Google Cloud Platform (GCP) is a fairly new entrant to the public cloud provider scene. Still, it has managed to carve a sizable market share for itself. Large companies like Spotify, HSBC, Netflix, and Snapchat have also picked GCP over AWS (Amazon Web Services) and Azure. GCP’s accelerated adoption and growing popularity are unsurprising given Google Cloud Service’s simplicity. GCP also offers many benefits, including ease-of-use, intuitive scalability, AI/ML innovations, and improved security.
Another key factor in GCP’s escalating growth is Kubernetes, which paved the way for GCP in the Infrastructure-as-a-Service (IaaS) segment. The IaaS model frees you from various hassles, like purchasing and maintaining server hardware. It also empowers you to seamlessly manage your data centers in the cloud.
Here, I’ll showcase all the factors you need to consider when migrating from AWS to GCP. Before we do that, though, let’s see why GCP is emerging as an affordable and de facto cloud services provider for companies across industries.
Why Choose GCP over AWS?
Both GCP and AWS offer competitive pricing plans for their respective cloud services. Still, GCP offers a major distinction through its pricing discounts. In fact, GCP gives you special discounts when your applications run for extended periods. That effectively means you get discounted rates to keep doing what you were doing.
|Google CloudPer-Hour Price
|On-Demand / Linux / General Purpose / 2 CPUs(Memory: AWS 8 GB / Google Cloud 7.5 GB)
|On-Demand / Linux / Compute Optimized / 2 CPUs(Memory: AWS 3.75 GB / Google Cloud 1.8 GB)
|On-Demand / Linux / Memory Optimized / 2 CPUs(Memory: AWS 15.25 GB / Google Cloud 13 GB)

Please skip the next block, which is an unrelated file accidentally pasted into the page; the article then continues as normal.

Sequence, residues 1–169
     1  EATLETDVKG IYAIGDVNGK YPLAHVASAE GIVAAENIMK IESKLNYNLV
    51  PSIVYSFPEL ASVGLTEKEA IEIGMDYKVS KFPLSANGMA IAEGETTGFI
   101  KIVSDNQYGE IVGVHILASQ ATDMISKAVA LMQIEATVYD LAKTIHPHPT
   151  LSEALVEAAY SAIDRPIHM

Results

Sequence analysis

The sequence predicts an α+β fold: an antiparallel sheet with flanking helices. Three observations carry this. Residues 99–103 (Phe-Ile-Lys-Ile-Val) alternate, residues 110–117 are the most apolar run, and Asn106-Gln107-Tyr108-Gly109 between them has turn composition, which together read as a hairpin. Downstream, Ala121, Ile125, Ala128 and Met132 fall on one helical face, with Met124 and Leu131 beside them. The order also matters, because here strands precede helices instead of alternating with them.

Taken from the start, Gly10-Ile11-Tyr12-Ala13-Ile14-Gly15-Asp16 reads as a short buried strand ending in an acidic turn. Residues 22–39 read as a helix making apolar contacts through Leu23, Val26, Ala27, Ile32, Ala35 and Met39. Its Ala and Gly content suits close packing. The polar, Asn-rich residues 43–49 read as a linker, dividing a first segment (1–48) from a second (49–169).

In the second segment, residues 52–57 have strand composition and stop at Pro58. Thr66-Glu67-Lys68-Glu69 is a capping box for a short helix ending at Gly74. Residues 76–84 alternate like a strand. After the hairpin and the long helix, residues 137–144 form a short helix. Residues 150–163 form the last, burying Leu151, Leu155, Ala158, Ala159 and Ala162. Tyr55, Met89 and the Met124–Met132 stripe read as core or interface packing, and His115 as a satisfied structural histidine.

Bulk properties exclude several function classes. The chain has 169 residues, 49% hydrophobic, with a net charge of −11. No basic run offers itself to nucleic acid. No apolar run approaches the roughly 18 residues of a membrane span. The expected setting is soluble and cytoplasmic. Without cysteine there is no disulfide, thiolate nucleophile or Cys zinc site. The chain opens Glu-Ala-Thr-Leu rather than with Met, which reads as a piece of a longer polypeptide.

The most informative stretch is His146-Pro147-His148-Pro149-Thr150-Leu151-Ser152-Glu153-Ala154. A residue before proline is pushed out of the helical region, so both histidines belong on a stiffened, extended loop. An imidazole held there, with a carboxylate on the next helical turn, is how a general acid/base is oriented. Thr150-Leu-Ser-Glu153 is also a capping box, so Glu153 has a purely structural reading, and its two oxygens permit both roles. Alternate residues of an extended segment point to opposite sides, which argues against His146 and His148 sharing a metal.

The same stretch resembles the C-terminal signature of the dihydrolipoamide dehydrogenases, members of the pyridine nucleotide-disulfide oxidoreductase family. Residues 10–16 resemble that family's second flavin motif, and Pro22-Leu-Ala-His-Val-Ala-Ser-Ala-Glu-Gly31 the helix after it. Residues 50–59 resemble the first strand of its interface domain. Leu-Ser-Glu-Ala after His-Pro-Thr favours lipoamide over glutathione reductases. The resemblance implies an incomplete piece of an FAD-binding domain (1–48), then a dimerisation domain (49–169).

Latest Versions of Kubernetes
Although AWS offers Kubernetes services, companies trust GCP with the orchestration since Kubernetes is a Google-developed project. GCP gives you early access to new Kubernetes versions, on top of other Kubernetes tools and services that are highly available.
GCP offers different open-source solutions from Google’s garage. Having already released over 2000 open-source tools, you can be sure that GCP users will also benefit from Google’s open-source stance. Open-source is integral to modern cloud computing systems, so Google Cloud has the upper hand here.
Google has a proven track record of offering solid security and high-grade data encryption capabilities. GCP allows you to encrypt your cloud infrastructure at the application layer. In turn, that reduces security vulnerabilities arising from misconfiguration. This authentication service is similar to mTLS but for the application layer.
GCP enables you to access Google’s in-house AI processor system, TPU (Tensor Processing Unit). This system offers machine learning and neural network computation. Although AWS also flaunts powerful AI services, GCP outscores it in ease-of-use and accessibility. Keep in mind that many big data and ML projects originate from Google, like TensorFlow and Hadoop, so Google Cloud is the best place to run your AI/ML workloads.
Next, let’s look at what’s involved in migrating from one cloud to another and how a checklist can help.
Cloud Migration Checklist
Even if you carry massive workload volumes, you can still migrate from a data center to a public cloud platform with minimal effort and zero frustration. Of course, the process would be different if your company functions with a few TB of data versus functioning on a petabyte-scale.
AWS offers some advanced options, like Snowmobile, which allows you to physically transfer data using a truck. Google Cloud doesn’t have such a feature, but it has its own transfer methods for larger data quantities.
To make sure it all goes without a hitch, you need a well-thought-out plan. Here’s a checklist that can guide you to migrate to GCP seamlessly. I’ll be classifying the entire process into 3 different phases: Pre-migration, Migration, and Post-migration. Let’s get to it.
1. Define People and Process